Globally, the total wealth of billionaires rose by 17 percent in 2016 to USD 6.0 trillion. Despite a period of heightened geopolitical uncertainty, the world’s ultra-wealthy are flourishing. We’re analysing in this post the wider societal impact of billionaires in terms of job creation and providing access to cultural capital.
Where billions come from
Total billionaire wealth rose by 17% from USD 5.1 trillion to USD 6.0 trillion in 2016. Led by China’s entrepreneurs, Asian billionaires eclipsed the US for the first time. In a landmark year, the number of them exceeded US billionaires for the first time. On average, a new billionaire was created in Asia every two days, with the total number of Asian billionaires rising by almost a quarter to 637, compared to 563 in the US. However, the US still retains the greatest amount of billionaire wealth.
In Europe, growth remained static with 342 billionaires by the end of 2016. Overall wealth grew modestly by 5 percent to just over USD 1.3 trillion, with 24 new of them and 21 dropping off, a third of them due to death. This corresponds with previous findings that Europe has the highest number of multi-generational billionaires.
As far as sectors are concerned, technology was the biggest driver of wealth creation, as it is to be expected in the country whose entrepreneurs have pioneered technological innovation. This was followed by financial services and then materials.
Billionaires employed at least 27.7 million people last year
The 1’542 billionaires we analysed own or partly own companies that directly employ at least 27.7 million people worldwide – roughly the same as the UK’s working population.
As there were only 289 of them 20 years ago, it suggests that growing entrepreneurial wealth has been accompanied by expanding employment.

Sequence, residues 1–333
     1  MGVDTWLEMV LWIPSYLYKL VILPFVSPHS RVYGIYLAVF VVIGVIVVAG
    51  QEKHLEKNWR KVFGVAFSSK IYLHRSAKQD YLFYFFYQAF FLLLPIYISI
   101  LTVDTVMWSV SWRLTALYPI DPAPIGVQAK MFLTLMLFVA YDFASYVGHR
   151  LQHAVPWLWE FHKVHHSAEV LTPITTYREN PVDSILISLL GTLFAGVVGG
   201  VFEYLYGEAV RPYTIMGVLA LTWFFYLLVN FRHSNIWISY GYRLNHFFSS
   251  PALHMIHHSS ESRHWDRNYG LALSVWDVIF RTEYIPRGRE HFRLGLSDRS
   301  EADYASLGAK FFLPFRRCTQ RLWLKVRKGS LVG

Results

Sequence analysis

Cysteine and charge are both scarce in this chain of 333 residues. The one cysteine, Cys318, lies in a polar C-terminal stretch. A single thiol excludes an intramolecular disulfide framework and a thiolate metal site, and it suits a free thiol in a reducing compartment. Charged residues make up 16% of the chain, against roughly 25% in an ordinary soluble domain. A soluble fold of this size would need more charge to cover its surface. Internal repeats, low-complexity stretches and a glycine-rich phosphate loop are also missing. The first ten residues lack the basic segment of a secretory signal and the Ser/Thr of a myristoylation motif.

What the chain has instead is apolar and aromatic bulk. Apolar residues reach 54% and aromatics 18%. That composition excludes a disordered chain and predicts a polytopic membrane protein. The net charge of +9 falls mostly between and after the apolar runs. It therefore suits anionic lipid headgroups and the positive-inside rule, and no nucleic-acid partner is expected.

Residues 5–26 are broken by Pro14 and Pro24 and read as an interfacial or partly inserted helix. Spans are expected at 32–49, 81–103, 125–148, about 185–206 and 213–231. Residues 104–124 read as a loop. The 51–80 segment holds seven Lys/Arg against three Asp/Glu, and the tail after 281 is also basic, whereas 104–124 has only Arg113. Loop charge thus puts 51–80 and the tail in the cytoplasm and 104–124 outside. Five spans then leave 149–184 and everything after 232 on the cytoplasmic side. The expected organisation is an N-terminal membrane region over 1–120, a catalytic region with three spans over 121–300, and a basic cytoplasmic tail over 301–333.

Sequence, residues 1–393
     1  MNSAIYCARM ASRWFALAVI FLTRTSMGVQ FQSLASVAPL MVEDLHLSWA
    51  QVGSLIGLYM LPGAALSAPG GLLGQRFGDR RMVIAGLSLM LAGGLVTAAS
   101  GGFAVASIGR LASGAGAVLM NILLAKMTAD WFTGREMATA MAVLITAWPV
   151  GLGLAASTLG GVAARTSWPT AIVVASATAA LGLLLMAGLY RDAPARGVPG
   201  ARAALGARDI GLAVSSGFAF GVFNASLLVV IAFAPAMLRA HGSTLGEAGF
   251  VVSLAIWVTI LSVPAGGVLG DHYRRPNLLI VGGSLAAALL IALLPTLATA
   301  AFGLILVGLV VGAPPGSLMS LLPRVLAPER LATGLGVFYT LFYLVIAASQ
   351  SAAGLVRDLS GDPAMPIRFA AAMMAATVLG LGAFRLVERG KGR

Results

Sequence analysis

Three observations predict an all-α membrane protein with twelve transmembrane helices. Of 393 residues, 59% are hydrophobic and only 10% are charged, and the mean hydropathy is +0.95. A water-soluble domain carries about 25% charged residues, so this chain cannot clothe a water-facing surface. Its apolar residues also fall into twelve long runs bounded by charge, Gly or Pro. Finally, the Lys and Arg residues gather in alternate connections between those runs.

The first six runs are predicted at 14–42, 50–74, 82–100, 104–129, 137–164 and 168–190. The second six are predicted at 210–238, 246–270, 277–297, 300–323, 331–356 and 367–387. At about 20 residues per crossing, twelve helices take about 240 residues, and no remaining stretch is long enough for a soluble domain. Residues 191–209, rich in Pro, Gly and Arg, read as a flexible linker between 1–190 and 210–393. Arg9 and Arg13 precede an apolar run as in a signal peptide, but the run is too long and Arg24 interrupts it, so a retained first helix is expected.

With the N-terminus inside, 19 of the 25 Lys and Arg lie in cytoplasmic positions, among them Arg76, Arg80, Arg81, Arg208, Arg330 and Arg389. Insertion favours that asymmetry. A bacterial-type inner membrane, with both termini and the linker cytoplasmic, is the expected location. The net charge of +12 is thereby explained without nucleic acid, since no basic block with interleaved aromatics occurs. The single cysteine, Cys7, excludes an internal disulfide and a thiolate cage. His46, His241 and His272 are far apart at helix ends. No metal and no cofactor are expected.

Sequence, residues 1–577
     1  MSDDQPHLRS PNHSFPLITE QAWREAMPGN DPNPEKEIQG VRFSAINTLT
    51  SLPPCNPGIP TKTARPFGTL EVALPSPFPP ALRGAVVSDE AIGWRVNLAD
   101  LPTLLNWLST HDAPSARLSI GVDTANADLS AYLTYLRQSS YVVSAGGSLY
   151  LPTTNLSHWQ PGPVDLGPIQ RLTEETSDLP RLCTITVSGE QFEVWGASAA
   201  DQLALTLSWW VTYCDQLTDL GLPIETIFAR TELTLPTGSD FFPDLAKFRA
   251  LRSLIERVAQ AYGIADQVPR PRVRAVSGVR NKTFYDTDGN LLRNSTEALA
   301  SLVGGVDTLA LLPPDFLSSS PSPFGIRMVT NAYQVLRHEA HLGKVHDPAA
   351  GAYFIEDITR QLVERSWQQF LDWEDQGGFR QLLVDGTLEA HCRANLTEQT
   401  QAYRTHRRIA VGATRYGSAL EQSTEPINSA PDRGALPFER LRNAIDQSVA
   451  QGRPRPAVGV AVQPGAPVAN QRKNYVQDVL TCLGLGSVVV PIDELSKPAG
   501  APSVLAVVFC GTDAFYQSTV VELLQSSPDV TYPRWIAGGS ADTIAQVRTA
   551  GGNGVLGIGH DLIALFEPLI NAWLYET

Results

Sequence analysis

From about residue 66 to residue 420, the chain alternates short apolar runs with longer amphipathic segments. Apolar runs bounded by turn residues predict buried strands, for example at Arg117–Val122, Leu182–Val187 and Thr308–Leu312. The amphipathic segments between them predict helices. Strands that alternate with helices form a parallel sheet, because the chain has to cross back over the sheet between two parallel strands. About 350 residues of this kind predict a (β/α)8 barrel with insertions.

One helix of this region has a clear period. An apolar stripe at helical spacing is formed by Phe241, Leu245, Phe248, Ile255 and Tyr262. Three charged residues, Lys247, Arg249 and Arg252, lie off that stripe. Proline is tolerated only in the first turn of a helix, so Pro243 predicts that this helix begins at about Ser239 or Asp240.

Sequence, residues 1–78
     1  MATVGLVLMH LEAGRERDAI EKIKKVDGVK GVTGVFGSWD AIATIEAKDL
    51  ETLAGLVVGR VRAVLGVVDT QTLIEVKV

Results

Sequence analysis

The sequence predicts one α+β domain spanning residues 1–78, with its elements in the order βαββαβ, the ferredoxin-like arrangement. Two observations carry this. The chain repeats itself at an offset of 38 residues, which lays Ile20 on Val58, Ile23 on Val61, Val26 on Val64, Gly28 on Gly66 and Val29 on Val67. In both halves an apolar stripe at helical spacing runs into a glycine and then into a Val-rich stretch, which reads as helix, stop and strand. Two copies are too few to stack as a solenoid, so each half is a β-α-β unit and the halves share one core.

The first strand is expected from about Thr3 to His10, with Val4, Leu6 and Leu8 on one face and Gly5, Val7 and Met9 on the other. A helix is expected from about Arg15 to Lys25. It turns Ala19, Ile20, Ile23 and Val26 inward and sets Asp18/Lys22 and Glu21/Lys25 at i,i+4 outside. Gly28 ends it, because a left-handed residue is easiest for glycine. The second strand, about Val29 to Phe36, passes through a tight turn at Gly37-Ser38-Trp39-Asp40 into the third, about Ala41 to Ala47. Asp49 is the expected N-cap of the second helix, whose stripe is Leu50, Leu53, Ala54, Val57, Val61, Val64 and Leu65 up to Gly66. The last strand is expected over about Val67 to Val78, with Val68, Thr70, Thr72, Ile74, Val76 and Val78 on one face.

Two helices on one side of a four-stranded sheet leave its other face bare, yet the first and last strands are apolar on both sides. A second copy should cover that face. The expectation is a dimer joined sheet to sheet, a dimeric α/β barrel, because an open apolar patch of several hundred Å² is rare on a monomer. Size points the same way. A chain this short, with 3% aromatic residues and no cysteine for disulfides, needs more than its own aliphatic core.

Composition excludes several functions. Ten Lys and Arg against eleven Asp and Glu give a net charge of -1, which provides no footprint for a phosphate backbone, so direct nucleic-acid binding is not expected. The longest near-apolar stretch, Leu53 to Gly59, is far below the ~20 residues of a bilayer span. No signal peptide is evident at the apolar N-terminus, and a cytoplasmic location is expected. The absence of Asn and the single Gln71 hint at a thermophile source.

The new entrants on the list in 2016 employ at least 2.8 million people.
Social responsibility through art and sport
Billionaires proved to play a growing role in art and sport. They are more active than ever, often motivated by a strong sense of social responsibility.
Billionaires are creating alternative legacies through their cultural pursuits. They are becoming more engaged in the arts. Private museums are growing in number. In the meantime, public museums are receiving more funding, increasing the accessibility of art to the public. Across the globe, there is more patronage than ever before, partly as billionaires seek to leave a legacy. There are more artists and more galleries. In faster-growing countries, especially, there are more collections and museums showcasing local arts. Home-grown entrepreneurs are helping to drive this trend. The way in which billionaires support art, and their motives, vary. “In today’s world, art can express many things which you cannot do by other means anymore. I consider artists as today’s philosophers and poets,” noted one European third-generation billionaire.
Billionaires are also helping sports clubs to become more sustainable, helping them to deliver associated benefits to the communities they are part of. They have made over half of sports club acquisitions in the last two years. According to our analysis, more than 140 of the top sports clubs globally are owned by 109 billionaires. Sixty of them are from the US, 20 from Europe and 29 from Asia. And owning a sports club is not for your fledgling billionaire – the average sports baron is 68 years old with a wealth of USD5.0 billion.
While Chinese tycoons have been major investors in European soccer clubs, they have invested hugely in the Chinese Super League in the last few years.
What we think
It’s not enough anymore to just preserve and grow wealth. Today’s billionaires also feel a responsibility to drive social and economic impact – whether that means creating a private museum to promote the arts or buying a professional sports team to promote a passion. This will be even more important when an estimated USD2.4 trillion of billionaire wealth is expected to be transferred in the next two decades. Technology, the creation of social networks and high-profile examples of philanthropic peers have all had an impact on this exclusive group.
Billionaires continue to prove their resilience, as they are as dynamic and entrepreneurial as ever. Looking forward, it seems likely that entrepreneurs will continue to benefit from accelerating technological change, Asian urbanisation and ongoing financialisation.
Dive into the world of billionaires, explore the report New wealth creators gain momentum, jointly published with UBS Group AG.